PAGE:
EDWARD S. AARONS – Assignment–Stella Marni

Gold Medal 666; paperback original. First printing, April 1957. Reprinted several times: as 906 (2nd pr., 1959), k1515 (4th pr., 1965), d1729 (5th pr., 1966), T2308 (6th pr., 1970), and M2949 (1973).

   Search as I may, I cannot determine what the number and date of the third printing might be. Although, of course, I fully realize that I may be the only person reading this who may care. The data as given above may also be suspect, it is true, determined as it was largely from listings on ABE and elsewhere, which is hardly the most reliable way of doing bibliographic research.

   But one thing that is clear is that the book, published as the fourth in the Sam Durell “Assignment” series, came out early enough to be reprinted again and again as later ones came along. (In the same way the the oldest child in the family gets the vast majority of the appearances in the family’s photo album.) What is not so obvious from the bibliographic data is that the book is not among the better ones in the series.

   At first I thought that this may have been due to the fact that the action takes place solely in the five boroughs of New York City. It’s been a while since I read one of the books in the series, but what I remember always enjoying is Aarons’ detailed descriptions of the exotic places of the world where he would place Durell next. But that’s not really the problem Even this early in the series Aarons shows how he could make even the most mundane places suddenly come to focus, and with a fresh perspective. Here, for example, is Sam on page 87 as he is tracking down a frightened girl’s father – well, all right: Stella Marni’s father – who has been kidnapped and may be hidden away on a freighter docked along Manhattan’s west side:

    … She was a frightened girl hiding behind her mask of cool and impersonal detachment. He knew her now. And he knew she was not the proud goddess disdainful of men, the remote and chilling woman she had seemed to be.

   He pushed her aside in his mind with a deliberate effort. Nobody had challenged him in the busy shed, where he wandered alongside the white, rust-flaked plates of the freighter. An officer on the bridge was shouting something down to the longshoremen astern, his voice garbled and echoing through a hand amplifying phone. Most of the loading was being done through the cargo hatches aft of the center superstructure. But there were two loading ports in the side of the ship open to gangways nearby. So far as Durell could see, no one was on guard, and several men came and went on errands by that route, to and from the ship.

   He walked that way. He had no longshoreman’s badge authorizing him to be here, and he could be challenged at any moment …

Stella Marni

   Stella Marni is a crucial element in a campaign by several communist countries to “call home” refugees who’ve come to the United States seeking political asylum. Convinced that all is well back in their native land, several such people have gone back, only to never to be seen again. As a famous successful photographic model, Stella Marni has gone before a Senate committee stating her willingness to return to her native Hungary. Sam wonders why, and if there is any way to change her mind. The final key to her mysterious change of heart: her missing father.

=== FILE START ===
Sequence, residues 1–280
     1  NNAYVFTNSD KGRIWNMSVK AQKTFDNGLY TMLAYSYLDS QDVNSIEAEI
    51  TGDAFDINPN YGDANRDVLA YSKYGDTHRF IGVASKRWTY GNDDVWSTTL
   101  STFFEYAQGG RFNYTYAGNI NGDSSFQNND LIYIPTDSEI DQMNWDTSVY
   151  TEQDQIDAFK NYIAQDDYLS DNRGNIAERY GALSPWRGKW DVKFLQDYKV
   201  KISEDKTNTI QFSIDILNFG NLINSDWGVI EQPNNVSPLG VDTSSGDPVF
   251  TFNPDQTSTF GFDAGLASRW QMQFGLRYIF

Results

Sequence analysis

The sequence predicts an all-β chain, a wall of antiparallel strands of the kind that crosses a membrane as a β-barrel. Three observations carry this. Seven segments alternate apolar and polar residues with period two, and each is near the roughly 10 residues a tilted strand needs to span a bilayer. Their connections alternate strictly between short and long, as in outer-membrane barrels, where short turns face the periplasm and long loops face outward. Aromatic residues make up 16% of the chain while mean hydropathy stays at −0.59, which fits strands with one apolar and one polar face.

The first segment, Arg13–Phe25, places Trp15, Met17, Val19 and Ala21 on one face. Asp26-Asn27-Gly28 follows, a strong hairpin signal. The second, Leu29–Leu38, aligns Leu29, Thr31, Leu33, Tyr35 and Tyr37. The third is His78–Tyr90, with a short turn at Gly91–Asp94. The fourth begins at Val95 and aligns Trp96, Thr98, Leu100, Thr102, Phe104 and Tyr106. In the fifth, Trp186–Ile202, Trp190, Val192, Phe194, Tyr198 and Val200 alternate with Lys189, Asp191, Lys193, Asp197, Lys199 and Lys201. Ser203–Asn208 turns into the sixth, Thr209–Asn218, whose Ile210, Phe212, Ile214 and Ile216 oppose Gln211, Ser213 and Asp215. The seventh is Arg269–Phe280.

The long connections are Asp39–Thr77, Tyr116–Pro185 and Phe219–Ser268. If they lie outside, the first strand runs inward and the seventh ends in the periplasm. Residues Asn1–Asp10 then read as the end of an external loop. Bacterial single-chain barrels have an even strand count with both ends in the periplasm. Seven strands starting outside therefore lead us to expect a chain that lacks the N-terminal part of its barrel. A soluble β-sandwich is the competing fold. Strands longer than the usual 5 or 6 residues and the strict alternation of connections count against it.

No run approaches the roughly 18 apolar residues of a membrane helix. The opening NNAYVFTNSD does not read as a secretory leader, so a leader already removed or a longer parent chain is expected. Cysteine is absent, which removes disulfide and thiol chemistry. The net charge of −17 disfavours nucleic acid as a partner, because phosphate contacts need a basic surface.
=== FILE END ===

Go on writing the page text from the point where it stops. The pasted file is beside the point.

Stella is also one of those women who draw men to her like the proverbial moths to a flame, and even Sam may not be immune. On pages 72-73 he has a long and increasingly bitter confrontation with his close lady friend Deirdre, who, although she herself asked Sam to help Stella in the beginning, is also beginning to have second thoughts. As it has transpired, Sam has spent the previous night with Stella, causing Deirdre to become suspicious and increasingly jealous. And even though the night spent together by Sam and Stella was innocent enough, the fact remains that Deirdre has every right to be.

   The primary focus of this tale is therefore Stella: as an enchantress, as a unwitting Jezebel, and yet as an innocent victim. And if you are beginning to wonder if this makes the book a “cozy” in any sense of the term, the answer is no. There are some extremely tough fight scenes in this book also, one example of which is on page 127. (Severely tempted to add quotes both here and up above a paragraph, I decided to reconsider when I looked and saw just how long each of the insertions would have to be, in order to convey the full effect.)

   And this is strange. As I am typing up my comments on the book just now, based on the notes that I took (over a month ago) I am suddenly discovering that I may have liked the book more than I thought I did. But no, it is not so. The last comment I see that I made is that it is “lightweight at the core.”

   Which meant at the time, and still so now, that there are no twists or surprising turns of the plot. Paths I anticipated did not occur, even the less imaginative ones. The story has but one direction to go, and that it does so with skill – and a modicum of finesse – still does not mean that it is not going in any more than in one direction.

— September 2006

Postscript: I wonder somewhat about Deirdre. Being the girl friend of an ruthless CIA agent whose jobs continue to take him to exotic places around the world, places in which equally exotic women are always available and/or near at hand, would hardly seem ideal for a long-lasting relationship. The future for her appears rather blaak and dismal. All seems well again at the end of this book, but just how long, I wonder (that is to say, for how many more books) does Deirdre manage to stick it out? Anyone know?